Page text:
Snowdonia, Wales
http://www.freedigitalphotos.net/images/view_photog.php?photogid=2893

During one of my grandmother’s first trips to the UK she said that Wales was her favorite. She said it was the most peaceful and most interesting. I think when people head to the UK, Wales is often forgotten. But, it’s remarkable to me that a region surrounded by the English language and English customs, has retained not only its own language, but it’s own distinct culture. It seems to be unique from  the rest of the island, and I really really want to hear what Welsh sounds like.

5)      Brittany and Normandy

Mont Saint-Michel, Normandy, France
http://www.freedigitalphotos.net/images/view_photog.php?photogid=2893

I’m drawn to places that have distinct cultures. The northern reaches of France, especially Brittany and Normandy, are distinct. When people look to go to coastal France, they usually look to go to Southern France with its warm Mediterranean beaches. Brittany and Normandy, along the English Channel aren’t necessarily warm, but they are unique. Throughout history the French and the English constantly battled over control of these two provinces, resulting in a blend of the two cultures. If there’s one reason to visit Normandy, it would be to see Carolingian Mont Saint-Michel, the island, can be reached by foot during periods of low tide. Meanwhile Brittany retains its culture blending traditional elements of its Celtic and French heritage.

6)      Estonia

Tallinn, Estonia
http://www.citypictures.org/r-europe-148-estonia-200-tallinn-estonia-2351.htm

The capital city of Tallinn is one of the oldest and one of the best preserved medieval cities in Europe. Estonia isn’t a country that a lot of people think of going to. That means that you can enjoy the medieval streets and culture without the muddled confusion and traffic of overly publicized tourist traps. You can discover the country for yourself. Estonia is also one of the poorest countries in Europe, with one of the largest gaps between rich and poor on the continent. As someone interested in finding ways to alleviate poverty and interested in finding the root causes of poverty, Estonia interests me.  We don’t think of Europe as a poor continent, but that’s because in the 21st Century much of the war damaged nations of the 20th Century and the Cold War are overlooked.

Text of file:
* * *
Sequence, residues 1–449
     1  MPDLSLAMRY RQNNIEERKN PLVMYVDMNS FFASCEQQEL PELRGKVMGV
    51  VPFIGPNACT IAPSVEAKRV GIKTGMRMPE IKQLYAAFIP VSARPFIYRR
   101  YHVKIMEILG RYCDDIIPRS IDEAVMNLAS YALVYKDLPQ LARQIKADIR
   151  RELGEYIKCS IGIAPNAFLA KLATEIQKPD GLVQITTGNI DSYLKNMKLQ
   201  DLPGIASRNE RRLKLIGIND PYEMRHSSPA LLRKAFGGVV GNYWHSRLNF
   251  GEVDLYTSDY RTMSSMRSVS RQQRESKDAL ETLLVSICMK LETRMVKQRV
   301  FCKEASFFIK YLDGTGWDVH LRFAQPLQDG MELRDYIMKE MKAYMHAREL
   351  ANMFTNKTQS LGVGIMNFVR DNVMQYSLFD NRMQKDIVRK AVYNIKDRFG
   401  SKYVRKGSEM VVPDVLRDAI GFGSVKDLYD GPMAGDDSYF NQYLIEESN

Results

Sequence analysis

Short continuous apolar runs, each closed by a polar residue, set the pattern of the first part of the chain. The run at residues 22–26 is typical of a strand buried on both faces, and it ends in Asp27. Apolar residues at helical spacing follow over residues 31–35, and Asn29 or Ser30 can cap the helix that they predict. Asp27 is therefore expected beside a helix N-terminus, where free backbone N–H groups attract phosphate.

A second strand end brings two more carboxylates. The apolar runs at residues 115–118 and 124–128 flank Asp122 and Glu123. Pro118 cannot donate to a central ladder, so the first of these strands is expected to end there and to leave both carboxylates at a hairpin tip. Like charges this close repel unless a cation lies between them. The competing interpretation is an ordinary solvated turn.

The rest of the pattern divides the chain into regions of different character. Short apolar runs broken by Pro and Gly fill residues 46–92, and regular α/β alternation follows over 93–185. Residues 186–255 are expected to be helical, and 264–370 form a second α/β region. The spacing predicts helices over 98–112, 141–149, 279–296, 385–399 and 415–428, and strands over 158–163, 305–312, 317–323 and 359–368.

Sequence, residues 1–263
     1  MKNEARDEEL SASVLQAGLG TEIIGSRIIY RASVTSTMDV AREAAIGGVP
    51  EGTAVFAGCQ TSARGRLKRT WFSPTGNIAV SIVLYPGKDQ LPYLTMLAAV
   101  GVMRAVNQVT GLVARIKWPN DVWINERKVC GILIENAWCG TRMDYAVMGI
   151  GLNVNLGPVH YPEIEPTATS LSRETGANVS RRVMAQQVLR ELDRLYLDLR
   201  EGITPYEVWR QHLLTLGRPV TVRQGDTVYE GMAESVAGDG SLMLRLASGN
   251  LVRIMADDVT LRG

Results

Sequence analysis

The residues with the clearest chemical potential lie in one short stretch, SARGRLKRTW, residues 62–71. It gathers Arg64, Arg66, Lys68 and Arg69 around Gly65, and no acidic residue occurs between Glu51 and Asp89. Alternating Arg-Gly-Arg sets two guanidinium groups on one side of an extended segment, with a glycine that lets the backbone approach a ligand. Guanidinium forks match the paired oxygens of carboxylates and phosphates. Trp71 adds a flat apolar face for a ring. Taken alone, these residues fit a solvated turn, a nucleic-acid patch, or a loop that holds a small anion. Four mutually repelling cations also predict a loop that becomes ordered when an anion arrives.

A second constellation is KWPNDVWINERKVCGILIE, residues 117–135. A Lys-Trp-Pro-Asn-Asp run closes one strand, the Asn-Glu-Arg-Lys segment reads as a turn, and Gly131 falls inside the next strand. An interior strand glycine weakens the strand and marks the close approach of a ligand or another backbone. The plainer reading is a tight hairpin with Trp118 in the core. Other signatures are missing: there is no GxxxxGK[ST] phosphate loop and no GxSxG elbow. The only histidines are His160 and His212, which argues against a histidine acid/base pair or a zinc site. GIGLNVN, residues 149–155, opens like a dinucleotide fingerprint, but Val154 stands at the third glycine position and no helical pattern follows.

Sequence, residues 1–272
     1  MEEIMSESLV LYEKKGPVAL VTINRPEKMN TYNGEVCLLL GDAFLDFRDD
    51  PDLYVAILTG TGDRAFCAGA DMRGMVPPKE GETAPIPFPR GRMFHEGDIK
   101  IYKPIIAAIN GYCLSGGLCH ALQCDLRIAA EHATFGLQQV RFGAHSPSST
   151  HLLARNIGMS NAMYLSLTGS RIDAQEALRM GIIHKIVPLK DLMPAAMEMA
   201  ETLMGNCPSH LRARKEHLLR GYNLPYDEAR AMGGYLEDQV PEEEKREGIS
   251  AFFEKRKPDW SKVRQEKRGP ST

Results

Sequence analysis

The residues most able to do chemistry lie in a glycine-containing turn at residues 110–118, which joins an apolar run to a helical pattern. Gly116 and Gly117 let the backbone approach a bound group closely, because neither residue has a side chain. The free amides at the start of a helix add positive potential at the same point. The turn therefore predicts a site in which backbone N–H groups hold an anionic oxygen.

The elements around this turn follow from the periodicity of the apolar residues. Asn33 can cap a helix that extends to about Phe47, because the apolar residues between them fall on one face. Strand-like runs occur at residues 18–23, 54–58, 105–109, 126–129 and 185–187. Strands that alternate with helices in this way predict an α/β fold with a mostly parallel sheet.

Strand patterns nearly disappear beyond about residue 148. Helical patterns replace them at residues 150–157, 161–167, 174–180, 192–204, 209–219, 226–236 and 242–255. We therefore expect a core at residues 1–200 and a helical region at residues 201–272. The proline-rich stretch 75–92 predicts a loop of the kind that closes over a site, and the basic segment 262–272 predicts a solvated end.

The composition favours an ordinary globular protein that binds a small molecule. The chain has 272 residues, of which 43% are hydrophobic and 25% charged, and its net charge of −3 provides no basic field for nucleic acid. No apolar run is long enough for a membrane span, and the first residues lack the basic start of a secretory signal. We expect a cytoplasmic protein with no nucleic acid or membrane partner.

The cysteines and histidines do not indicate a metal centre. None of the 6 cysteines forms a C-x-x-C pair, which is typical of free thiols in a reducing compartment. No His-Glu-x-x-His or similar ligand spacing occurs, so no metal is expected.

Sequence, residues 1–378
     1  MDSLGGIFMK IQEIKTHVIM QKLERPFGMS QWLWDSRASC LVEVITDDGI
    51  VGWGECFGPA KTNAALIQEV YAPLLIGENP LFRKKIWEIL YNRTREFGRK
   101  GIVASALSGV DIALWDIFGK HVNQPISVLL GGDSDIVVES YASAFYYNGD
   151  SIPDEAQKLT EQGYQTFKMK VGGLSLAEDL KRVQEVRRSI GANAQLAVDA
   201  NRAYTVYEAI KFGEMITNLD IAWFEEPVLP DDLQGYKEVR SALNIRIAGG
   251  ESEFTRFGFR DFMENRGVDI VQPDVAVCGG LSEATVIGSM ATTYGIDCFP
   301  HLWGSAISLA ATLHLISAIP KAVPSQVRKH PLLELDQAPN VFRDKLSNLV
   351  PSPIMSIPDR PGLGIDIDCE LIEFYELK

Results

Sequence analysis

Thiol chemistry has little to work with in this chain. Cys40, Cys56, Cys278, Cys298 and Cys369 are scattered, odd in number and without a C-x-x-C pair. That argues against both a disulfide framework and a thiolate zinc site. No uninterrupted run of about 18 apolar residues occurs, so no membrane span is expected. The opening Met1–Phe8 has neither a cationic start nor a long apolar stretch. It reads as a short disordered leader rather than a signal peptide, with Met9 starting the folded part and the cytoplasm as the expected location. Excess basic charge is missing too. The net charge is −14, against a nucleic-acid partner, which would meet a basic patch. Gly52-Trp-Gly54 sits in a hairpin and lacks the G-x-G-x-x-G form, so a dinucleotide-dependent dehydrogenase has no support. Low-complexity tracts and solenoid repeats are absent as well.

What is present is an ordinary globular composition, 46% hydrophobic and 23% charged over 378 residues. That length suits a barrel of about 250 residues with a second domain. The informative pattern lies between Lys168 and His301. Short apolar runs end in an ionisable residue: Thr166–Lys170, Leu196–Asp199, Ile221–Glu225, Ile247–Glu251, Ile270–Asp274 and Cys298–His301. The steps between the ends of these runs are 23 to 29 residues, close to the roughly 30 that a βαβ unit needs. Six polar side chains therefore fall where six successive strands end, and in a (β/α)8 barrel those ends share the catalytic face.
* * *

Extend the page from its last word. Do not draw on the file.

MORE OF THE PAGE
7)      Vienna

http://www.freedigitalphotos.net/images/view_photog.php?photogid=2893

Next to Paris, Vienna is the city I’ve wanted to go to the longest. I can’t tell you why, but I’ve wanted to go for years. I think I may have read a book once that took place in Vienna (a lot of my travel inspiration comes from books). The pictures I’ve seen are beautiful. It’s history, as one of the musical and cultural capitals of the world make me think it will be worth the trip.

8)      Greece & Turkey

Santorini, Greece
http://www.destination360.com/europe/greece/things-to-do-in-santorini

I’ve never been a fan of Ancient Greek history. I don’t know why, but I haven’t. But, I still want to go to Greece. Athens seems interesting, but I’m more interested in the islands off the coast. The culture there seems much more raw, and authentically Greek. Not to mention that the white buildings and blue roofs against the Mediterranean are simply begging me to come and take photographs.